Burning Issues

Whose side are you taking in this? Apple VS FBI

Apple VS FBI on privacy
Written by Igor K


If Apple wants to be the official smartphone of terrorists and criminals, there will be a consequence,” states the Maricopa County Attorney Bill Montgomery in his news release.

The release opens with the decision “to discontinue providing iPhones as an option for replacements or upgrades for existing employees.”

Maricopa County Attorney Bill Montgomery announced the decision on February 24, citing Apple’s recent refusal to cooperate in unlocking an encrypted iPhone used by individuals involved in the recent San Bernardino shootings.

Apple’s refusal to cooperate with a legitimate law enforcement investigation to unlock a phone used by terrorists puts Apple on the side of terrorists instead of on the side of public safety,” Montgomery said. “Positioning their refusal to cooperate as having anything to do with privacy interests is a corporate PR stunt and ignores the 4th Amendment protections afforded by our Constitution.”

Apple claims this to be the reason why they won’t cooperate in San Bernardino terrorist attack case

Ever since Edward Snowden blew the whistle about plans and efforts of some US based federal agencies, big tech players are rejecting legal requests to create some sort of one-for-all access key to encrypted data of suspects’ smartphones.

Since September 2014, data on Apple’s devices, such as messages or photos are secured with the automatic encryption. When device is locked, only the user can access the data. Punch wrong password 10 times and all data will automatically be erased.

Apple claims that not even their employees can access the data; the rule which they’ve implemented after Snowden’s report about NSA’s surveillance plans, practice and policy.

It appears that Apple is vigorously protecting users’ privacy by rejecting any form of assistance in unlocking the data from Farook’s iPhone.

Tim Cook, Apple’s CEO, has this to say about the whole thing: “…We have great respect for the professionals at the FBI, and we believe their intentions are good. Up to this point, we have done everything that is both within our power and within the law to help them. But now the U.S. government has asked us for something we simply do not have, and something we consider too dangerous to create. They have asked us to build a backdoor to the iPhone.

Specifically, the FBI wants us to make a new version of the iPhone operating system, circumventing several important security features, and install it on an iPhone recovered during the investigation. In the wrong hands, this software — which does not exist today — would have the potential to unlock any iPhone in someone’s physical possession.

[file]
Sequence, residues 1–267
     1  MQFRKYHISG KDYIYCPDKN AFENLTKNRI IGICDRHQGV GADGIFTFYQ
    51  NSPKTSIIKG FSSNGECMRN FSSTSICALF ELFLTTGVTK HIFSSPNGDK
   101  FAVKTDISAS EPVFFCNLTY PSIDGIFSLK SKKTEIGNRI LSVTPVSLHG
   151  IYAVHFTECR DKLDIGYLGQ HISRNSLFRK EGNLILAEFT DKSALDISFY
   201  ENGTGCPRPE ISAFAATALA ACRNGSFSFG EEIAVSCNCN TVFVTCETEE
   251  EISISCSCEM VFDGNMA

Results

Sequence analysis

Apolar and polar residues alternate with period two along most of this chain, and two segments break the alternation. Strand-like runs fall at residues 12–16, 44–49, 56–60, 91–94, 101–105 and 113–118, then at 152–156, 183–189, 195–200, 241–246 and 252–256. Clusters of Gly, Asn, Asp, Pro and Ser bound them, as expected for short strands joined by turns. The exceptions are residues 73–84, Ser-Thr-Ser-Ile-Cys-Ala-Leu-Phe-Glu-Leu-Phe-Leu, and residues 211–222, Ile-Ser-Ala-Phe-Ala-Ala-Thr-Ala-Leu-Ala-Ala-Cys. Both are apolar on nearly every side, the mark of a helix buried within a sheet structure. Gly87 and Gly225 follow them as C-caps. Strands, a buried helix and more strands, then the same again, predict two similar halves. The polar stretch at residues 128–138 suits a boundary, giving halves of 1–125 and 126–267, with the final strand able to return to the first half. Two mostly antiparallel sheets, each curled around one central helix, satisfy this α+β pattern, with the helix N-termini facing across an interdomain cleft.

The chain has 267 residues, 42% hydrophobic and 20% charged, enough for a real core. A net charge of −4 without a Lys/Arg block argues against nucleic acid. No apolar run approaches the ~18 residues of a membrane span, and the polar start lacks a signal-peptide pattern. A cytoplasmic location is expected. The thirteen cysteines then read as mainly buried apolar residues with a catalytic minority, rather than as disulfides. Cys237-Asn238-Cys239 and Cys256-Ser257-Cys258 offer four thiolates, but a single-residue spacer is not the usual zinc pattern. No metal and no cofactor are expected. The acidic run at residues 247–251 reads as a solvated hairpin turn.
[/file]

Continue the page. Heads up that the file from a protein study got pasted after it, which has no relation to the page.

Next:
The FBI may use different words to describe this tool, but make no mistake: Building a version of iOS that bypasses security in this way would undeniably create a backdoor. And while the government may argue that its use would be limited to this case, there is no way to guarantee such control.

And it can’t be “guaranteed” because once revealed (read: used for the first time ever), the method can be adjusted to unlock any device running on Apple’s operating system.

We are not talking about few digits passwords here. We are talking about the entire new operating system that would be used to decrypt user’s data on iPhone. In a digital world or the underground world of hackers, that means this: no device is safe.

Because, in reality, you don’t need the password to hack into someone’s device. You need the bypass method. And what FBI is requesting from Apple is such global method where government agencies throughout the world would be able to pinpoint your location and access every single piece of data you’ve stored into your device but most likely through the device in cloud storage also. Once they obtain the access, they are able to use the device same way you’re using it.

And knowing how intelligence agencies and governments are operating, it wouldn’t be long before US government starts sharing the backdoor access with “allies.”

Do you really want some FBI agent to know your exact position in every given moment? Do you really want them to see the porn you and your wife made few nights ago?

On the hand, we are talking about terrorism here

Farook has allegedly been communicating with other like-minded people and maybe even with some high-ranking individuals from IS so his iPhone is most likely filled with valuable data that could potentially prevent some future terrorist attack(s) and save lives.

We can all agree that human life is the most valuable thing in our society. As such, we should do every effort to save that one single life. Even if it means to “bend” the rules or expectations sometimes.

It’s even hard to comprehend that someone is willing to sacrifice 1, 10, 100 or even couple of thousands of human lives to prove his point or protect privacy.

The big question

In one hand, we have a privacy issue. We are all aware that once decryption method goes live, it will become easy to access anyone’s device in any given time. 

But in the other, we may have a key for saving lives. Just remember that Paris scenario would most likely be prevented if French intelligence agencies had an unlimited surveillance access.

Which one is more important?

Let’s hear your opinion and reasonable argument.


About the author

Igor K

Former detective, now entrepreneur with the passion for applied investigative journalism, profiling, personal development and business analyses.